If you’re in a hurry and want to know our top pick, it’ll be the Jameson, as it has an impressive balance between an affordable price and high quality!
Banjos are among the most exciting musical instruments to play, although this makes it more of a challenge to pick the right one to buy. If it’s your first time buying one, we’ll help you find the best beginner banjo out there.
If you want to explore different brands and compare them, I’ll walk you through everything you need to know.
Top Beginner Banjo Picks
After thorough research of every noteworthy beginner banjo in the market, here’s a roundup of the best picks. They have a wide range of features and we made sure they covered various budgets.
Best Overall Beginner Banjo
The Jameson is a closed-back banjo that has superior quality. It’s ideal for you if you want to hear an excellent sound. It includes a geared 5th tuner that’s similar to a guitar tuner. It helps make an accurate tone by keeping the 5th string tuned.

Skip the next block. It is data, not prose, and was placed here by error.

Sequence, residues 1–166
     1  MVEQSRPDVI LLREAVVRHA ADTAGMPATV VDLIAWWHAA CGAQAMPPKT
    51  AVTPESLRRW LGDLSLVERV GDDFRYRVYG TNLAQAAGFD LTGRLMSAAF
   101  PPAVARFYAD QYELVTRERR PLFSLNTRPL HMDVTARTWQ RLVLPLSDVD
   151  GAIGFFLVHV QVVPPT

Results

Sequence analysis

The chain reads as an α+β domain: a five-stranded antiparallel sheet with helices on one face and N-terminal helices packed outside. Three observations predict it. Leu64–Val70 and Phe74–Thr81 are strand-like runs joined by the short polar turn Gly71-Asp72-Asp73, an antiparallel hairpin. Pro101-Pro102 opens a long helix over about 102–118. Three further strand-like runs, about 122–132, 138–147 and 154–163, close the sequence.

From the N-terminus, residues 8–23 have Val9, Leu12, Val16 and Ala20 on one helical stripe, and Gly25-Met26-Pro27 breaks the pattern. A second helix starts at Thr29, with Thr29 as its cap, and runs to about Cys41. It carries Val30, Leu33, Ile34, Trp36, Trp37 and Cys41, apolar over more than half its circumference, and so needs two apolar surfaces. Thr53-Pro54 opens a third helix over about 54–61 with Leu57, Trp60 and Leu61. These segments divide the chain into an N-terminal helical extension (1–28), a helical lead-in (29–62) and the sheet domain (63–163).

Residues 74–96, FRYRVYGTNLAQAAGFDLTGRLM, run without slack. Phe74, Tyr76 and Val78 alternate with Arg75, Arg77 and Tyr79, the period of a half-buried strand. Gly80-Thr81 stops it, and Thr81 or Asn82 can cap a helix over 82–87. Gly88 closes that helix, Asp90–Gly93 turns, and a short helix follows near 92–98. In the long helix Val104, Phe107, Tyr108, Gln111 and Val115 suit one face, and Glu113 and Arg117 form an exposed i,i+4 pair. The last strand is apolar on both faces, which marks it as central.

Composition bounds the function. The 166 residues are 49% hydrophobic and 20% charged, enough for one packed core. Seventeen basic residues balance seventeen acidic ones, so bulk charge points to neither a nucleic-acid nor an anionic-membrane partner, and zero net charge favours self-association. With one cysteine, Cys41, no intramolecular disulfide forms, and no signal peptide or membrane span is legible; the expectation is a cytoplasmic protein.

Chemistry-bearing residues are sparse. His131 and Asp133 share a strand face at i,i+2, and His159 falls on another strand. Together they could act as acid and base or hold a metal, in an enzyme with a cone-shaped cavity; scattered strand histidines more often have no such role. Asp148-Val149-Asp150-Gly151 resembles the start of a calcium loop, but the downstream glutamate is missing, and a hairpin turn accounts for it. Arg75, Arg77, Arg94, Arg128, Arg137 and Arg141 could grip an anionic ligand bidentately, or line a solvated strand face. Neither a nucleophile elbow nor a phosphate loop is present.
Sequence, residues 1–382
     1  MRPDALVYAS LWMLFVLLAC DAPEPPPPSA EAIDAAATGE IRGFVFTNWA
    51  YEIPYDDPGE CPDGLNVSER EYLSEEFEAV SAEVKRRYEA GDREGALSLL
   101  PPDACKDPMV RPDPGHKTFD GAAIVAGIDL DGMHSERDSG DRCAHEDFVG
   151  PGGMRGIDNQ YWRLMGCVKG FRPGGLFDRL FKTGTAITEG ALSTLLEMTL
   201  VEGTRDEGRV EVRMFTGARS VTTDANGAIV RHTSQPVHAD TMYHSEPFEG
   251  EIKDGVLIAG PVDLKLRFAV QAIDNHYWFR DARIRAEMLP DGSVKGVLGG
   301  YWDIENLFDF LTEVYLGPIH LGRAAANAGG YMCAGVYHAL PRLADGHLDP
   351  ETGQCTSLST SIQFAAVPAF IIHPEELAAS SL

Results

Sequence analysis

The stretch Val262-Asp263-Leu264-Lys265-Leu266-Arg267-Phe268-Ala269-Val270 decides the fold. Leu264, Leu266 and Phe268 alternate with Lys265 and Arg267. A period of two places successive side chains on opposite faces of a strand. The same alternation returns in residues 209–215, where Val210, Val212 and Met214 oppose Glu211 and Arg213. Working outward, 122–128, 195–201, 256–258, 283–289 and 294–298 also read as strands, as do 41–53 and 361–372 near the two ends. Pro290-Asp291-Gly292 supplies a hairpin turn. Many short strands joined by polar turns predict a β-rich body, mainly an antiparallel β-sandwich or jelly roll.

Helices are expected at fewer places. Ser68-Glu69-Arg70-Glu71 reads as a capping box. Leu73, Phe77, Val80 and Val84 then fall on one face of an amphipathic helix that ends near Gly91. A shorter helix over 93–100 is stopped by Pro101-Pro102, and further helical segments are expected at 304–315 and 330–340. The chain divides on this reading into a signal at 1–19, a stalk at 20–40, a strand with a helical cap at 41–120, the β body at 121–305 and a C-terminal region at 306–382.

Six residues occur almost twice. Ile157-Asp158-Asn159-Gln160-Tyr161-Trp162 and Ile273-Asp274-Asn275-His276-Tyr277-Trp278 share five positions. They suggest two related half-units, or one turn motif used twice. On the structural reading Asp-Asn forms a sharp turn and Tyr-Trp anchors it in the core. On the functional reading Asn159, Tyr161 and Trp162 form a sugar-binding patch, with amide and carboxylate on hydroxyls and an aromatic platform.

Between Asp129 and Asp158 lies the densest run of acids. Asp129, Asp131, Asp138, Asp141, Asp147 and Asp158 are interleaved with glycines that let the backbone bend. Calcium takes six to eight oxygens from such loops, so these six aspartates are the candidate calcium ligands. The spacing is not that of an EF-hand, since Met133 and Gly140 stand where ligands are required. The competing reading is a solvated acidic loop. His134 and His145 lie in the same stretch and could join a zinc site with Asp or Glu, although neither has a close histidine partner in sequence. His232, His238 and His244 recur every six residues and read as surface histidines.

The high-quality banjo has 24 brackets and an armrest plated with nickel. Moreover, It’s designed elegantly with a maple slim neck and a mahogany tone. The Jameson offers both right-hand and left-hand models; its rim is three-ply mahogany, and the bridge is maple. Additionally, its back is made out of mahogany and its nut width is 1.25’’.
Best Open Back Beginner banjo
Banjo users all agree that the Deering Goodtime model is among the best out there with its action and playability, especially for beginners. It offers you all the qualities you need to get started. The model has an impressive intonation up and down the neck that improves the music tune.
It’s lined with 22 frets and has a maple slim neck that provides you comfort while holding it. The frets are installed into the maple neck directly, not on a fretboard. Goodtime’s weight is low compared to other models. Moreover, it includes a steel coordinator rod that allows you to adjust the neck in any way you like.